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Scientists Locate Earth’s Largest Canyon

Scientists Locate Earth’s Largest Canyon
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Durham University, leading a team of international researchers believe they have discovered the largest known canyon on Earth. Utilizing precise satellite data and ground-penetrating radar, they have calculated it to be over 62 miles long and over half a mile deep at some points. More precise measurements will be necessary to confirm these findings, although that will be a difficult task considering that the canyon is buried under several miles of ice in Eastern Antarctica. The researchers suspect the canyon was either carved out of the bedrock by water flowing under the ice or is possibly so old that it existed even before Antarctica shifted to the South Pole via tectonic forces and froze over.

It is also believed that this canyon links up with a series of other canyons in the region and could possibly feed into a huge 777mi² sub-glacial lake. Dr Stewart Jamieson, lead researcher from the Department of Geography at Durham University says, “This is a region of the Earth that is bigger than the UK and yet we still know little about what lies beneath the ice. In fact, the bed of Antarctica is less well known than the surface of Mars. If we can gain better knowledge of the buried landscape we will be better equipped to understand how the ice sheet responds to changes in climate.” The research team hopes to collect the necessary data to confirm the size and scope of the newly-discovered canyon by the end of the year.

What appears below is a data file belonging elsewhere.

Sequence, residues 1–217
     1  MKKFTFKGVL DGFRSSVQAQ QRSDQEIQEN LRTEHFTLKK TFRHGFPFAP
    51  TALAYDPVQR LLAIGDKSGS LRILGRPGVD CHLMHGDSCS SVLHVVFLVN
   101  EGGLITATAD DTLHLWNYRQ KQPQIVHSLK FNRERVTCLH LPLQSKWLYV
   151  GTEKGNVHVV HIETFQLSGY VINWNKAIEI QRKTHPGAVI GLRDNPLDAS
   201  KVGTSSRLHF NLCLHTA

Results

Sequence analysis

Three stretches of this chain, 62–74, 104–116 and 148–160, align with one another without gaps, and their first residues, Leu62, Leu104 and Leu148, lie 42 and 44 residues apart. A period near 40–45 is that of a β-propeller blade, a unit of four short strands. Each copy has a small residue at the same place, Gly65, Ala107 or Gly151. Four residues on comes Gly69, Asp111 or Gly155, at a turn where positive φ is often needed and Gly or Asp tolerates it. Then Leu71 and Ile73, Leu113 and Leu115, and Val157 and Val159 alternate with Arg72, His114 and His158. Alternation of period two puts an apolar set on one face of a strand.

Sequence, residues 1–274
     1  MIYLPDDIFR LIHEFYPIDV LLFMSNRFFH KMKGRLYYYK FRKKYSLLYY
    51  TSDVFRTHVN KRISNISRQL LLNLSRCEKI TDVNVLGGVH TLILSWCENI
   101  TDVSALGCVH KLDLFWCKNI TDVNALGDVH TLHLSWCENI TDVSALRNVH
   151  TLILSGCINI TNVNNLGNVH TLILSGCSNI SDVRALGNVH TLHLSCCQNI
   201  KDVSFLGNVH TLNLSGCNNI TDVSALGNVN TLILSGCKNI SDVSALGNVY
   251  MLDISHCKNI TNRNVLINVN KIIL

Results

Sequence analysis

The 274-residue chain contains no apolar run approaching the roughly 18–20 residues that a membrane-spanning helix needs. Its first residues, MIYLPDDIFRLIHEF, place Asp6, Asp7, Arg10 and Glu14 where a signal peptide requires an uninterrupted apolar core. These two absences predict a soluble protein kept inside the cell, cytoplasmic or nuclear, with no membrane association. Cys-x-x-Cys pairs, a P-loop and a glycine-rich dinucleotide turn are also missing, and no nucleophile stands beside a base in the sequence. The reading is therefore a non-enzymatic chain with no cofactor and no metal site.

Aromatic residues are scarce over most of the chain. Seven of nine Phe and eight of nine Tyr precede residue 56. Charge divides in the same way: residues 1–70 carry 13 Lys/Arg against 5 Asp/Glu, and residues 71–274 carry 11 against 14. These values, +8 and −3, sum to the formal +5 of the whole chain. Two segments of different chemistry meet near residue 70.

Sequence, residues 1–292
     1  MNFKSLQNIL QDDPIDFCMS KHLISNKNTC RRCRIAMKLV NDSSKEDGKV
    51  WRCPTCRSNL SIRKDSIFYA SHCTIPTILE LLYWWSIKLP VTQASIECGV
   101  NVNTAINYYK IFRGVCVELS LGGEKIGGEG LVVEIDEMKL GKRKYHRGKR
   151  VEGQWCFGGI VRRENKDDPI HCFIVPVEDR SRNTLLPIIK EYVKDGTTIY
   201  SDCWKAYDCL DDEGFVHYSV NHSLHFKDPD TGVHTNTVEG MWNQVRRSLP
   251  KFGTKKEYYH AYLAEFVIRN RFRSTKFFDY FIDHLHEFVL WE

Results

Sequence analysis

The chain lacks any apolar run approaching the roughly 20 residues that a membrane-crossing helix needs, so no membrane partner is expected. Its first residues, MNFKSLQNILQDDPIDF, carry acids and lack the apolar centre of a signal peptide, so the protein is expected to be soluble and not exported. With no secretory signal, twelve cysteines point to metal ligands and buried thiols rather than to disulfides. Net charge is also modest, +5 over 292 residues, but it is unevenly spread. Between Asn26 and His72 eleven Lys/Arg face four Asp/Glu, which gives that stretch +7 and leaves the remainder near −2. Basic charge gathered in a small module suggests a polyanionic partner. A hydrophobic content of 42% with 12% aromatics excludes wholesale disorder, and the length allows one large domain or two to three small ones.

[Image Credit: Getty]

Antarctic Canyons: Dr Stewart Jamieson

New analysis of satellite data by a team of scientists led by Durham University shows that the world's largest canyon may lie under the Antarctic ice sheet. Although the discovery needs to be confirmed by direct measurements, the previously unknown canyon system is thought to be over 1,000km long and in places as much as 1km deep, comparable in depth to the Grand Canyon in USA, but many times longer.

Dr Stewart Jamieson from the Department of Geography explains.